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Chron Respir Dis. 2012 Feb;9(1):63-7. doi: 10.1177/1479972311433766.

The interaction of ageing and lung disease.

Author information

1
Older People's Unit, Royal United Hospital Bath, Combe Park, Bath, UK. chris.dyer1@nhs.net

Abstract

This article explores the structural and physiological changes that occur in the ageing lung, and the impact that lung disease and other co-morbidities may have on it. The major changes associated with ageing are reduced lung elasticity, respiratory muscle strength and chest wall compliance, all of which may be influenced by impaired lung growth in early childhood and adolescence. The resultant reduction in diffusing capacity may not be relevant in a fit older adult, but co-morbidities may interact to cause breathlessness and impairments in quality of life. Lung function declines with age, but forced vital capacity (FVC) begins to decline later than forced expiratory volume in 1 s (FEV(1)) and at a slower rate. This results in a natural fall in the FEV(1)/forced vital capacity (FVC) ratio which may result in overdiagnosis of chronic obstructive pulmonary disease, and hence the need to ensure the FEV(1) is less than 80% before confirming the diagnosis. As older adults probably have a diminished response to hypoxia and hypercapnia, they become more vulnerable to ventilatory failure during high-demand states such as heart failure and pneumonia and therefore to possible poorer outcomes. Poor nutritional status is likely to be an important factor, as is cognitive impairment. It is important to assess older patients using a range of clinical and physiological parameters rather than on the basis of age per se which is a poor predictor of outcome.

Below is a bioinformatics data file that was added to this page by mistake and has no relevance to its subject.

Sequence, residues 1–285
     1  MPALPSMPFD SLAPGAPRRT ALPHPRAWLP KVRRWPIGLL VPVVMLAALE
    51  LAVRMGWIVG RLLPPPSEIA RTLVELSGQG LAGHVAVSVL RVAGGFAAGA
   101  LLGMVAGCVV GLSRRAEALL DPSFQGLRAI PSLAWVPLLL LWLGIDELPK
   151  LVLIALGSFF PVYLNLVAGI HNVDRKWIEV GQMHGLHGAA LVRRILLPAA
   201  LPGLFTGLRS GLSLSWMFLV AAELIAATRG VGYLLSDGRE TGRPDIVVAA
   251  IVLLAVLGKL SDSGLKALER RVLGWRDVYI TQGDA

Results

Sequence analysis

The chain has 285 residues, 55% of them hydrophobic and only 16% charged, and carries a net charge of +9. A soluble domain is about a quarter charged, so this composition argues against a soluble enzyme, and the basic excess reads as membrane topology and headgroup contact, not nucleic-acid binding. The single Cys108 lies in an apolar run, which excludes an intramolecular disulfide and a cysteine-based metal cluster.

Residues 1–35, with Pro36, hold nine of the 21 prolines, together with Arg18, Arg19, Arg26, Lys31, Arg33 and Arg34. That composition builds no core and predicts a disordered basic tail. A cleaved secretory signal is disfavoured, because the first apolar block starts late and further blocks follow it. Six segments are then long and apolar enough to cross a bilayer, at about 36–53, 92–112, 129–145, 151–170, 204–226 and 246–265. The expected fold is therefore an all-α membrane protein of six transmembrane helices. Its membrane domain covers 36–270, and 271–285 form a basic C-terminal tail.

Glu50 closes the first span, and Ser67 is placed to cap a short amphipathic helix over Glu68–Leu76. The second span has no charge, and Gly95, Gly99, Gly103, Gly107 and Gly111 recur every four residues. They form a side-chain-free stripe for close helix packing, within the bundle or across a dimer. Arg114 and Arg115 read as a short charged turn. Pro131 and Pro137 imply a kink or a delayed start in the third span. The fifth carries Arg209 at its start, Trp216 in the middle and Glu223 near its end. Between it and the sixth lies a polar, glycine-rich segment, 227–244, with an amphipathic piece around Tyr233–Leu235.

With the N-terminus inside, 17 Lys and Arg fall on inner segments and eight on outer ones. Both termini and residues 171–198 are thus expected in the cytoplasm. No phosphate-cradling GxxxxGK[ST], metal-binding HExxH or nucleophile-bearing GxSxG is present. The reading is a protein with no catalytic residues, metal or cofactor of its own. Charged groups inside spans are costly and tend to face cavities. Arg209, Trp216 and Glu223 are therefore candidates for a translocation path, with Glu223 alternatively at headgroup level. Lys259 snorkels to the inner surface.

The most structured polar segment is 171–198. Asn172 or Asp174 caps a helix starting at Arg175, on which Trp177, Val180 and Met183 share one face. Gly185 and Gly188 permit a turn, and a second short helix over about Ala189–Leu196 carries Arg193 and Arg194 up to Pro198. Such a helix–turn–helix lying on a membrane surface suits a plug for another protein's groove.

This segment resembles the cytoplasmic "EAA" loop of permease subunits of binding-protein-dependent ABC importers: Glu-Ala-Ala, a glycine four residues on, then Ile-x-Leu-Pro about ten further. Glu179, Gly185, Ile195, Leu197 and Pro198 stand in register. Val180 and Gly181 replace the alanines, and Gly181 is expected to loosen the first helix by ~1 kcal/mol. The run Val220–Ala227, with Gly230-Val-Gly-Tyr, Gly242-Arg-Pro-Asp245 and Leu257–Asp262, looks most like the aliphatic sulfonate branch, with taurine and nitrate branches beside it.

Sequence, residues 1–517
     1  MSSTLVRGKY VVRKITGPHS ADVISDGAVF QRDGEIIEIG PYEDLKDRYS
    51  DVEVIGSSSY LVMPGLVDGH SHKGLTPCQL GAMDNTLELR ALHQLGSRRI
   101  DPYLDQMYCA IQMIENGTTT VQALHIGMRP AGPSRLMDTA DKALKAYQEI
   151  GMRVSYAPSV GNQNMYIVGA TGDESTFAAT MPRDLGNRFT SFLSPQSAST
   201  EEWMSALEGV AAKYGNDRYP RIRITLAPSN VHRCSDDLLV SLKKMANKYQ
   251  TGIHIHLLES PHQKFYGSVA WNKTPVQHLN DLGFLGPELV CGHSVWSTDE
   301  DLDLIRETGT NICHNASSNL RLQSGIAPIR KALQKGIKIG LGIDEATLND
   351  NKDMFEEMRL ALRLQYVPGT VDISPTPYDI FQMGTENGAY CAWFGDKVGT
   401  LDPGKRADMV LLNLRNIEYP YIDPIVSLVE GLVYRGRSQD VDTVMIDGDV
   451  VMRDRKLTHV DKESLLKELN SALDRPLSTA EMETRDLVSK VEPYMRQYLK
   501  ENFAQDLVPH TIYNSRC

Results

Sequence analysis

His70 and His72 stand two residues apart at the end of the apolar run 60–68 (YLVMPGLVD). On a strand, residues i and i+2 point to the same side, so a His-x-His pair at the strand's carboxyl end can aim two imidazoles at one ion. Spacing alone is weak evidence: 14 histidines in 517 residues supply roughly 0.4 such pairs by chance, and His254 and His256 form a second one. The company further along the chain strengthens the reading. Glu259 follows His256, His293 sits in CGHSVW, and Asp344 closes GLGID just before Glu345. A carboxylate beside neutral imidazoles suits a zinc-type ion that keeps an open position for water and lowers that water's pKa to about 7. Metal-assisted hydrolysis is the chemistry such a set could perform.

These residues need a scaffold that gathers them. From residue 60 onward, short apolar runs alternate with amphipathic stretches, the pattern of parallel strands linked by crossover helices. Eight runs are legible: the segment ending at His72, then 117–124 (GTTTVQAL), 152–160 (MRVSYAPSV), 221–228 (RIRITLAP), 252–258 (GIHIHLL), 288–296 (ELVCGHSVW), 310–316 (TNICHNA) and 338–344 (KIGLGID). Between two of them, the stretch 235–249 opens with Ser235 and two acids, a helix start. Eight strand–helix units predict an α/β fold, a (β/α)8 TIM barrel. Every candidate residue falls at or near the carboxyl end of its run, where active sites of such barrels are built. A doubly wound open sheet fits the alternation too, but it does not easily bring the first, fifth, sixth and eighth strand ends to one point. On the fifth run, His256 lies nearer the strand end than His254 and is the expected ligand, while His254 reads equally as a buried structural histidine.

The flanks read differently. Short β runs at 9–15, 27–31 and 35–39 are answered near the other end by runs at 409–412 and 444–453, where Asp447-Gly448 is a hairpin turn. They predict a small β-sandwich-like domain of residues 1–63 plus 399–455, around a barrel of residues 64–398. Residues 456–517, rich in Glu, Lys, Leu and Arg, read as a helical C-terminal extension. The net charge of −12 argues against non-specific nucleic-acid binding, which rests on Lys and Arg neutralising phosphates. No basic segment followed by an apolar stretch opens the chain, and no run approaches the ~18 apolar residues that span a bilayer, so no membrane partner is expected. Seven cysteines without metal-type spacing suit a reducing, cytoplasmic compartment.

PMID:
22308556
DOI:
10.1177/1479972311433766
[Indexed for MEDLINE]

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